Distinctions are super important—especially when it comes to Catholic teaching.
One of the perks of the Greek language is its clarity—for instance, there are often several different words to express the facets and subtleties of a thing for which we, in our concise English language, have only one (maybe two) words.
“Veneration” is a good example. When necessary, we exchange it for “honor,” or vice versa. We say we venerate or honor the saints and the Blessed Mother—but we’re leaving out all the nuances of that veneration.
We honor the Blessed Mother on a much higher level than we honor all the other saints, because she is the God-bearer and the Queen of Heaven. Since she is the means by which our Savior came into the world, God elevated her above all mankind. In recognition of this, we honor her above all mankind.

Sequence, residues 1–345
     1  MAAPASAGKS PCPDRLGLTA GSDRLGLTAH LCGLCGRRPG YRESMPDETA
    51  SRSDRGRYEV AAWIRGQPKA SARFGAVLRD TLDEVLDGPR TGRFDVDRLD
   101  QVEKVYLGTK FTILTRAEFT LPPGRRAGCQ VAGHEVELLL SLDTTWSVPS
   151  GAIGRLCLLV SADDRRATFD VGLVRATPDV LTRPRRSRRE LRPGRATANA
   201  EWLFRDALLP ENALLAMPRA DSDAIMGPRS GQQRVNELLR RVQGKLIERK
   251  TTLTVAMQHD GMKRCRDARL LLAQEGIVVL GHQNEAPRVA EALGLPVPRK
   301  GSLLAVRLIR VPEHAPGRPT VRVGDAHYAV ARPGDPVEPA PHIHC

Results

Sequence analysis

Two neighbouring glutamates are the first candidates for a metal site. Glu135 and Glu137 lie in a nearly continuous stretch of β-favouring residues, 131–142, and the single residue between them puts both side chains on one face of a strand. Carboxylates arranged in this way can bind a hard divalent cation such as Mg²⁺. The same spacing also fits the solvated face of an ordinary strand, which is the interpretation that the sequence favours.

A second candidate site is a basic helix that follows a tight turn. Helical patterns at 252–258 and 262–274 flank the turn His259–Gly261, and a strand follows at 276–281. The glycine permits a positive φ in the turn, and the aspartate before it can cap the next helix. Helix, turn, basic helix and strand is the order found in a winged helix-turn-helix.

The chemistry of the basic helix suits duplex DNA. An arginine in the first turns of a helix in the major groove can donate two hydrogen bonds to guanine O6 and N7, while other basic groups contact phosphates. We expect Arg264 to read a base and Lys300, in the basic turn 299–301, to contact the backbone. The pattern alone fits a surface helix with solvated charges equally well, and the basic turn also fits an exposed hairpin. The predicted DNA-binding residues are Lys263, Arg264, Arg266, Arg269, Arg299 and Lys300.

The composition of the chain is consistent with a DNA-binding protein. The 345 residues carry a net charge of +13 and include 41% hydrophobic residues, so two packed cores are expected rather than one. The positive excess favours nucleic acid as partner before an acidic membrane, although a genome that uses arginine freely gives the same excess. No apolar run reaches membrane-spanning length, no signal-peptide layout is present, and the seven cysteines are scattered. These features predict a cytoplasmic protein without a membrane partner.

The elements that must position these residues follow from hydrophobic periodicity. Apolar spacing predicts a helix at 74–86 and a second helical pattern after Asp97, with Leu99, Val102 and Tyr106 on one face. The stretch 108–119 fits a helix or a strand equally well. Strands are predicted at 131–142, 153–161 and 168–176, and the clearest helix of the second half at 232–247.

In English, we acknowledge the distinction between honor and worship (worship belongs to God alone, but honor can be given to the creatures He made). In Greek, there is also a distinction between types of honor. There is the honor due to our fellow men, and the honor due to God. The honor due to mankind is “dulia”—so, when we honor the saints, we are giving them “dulia.”
The Blessed Mother also receives “dulia,” but with this distinction: since her honor is above everyone else, she receives “hyperdulia”—honor that exceeds every other honor paid to a man. This “hyperdulia” is given to her alone.
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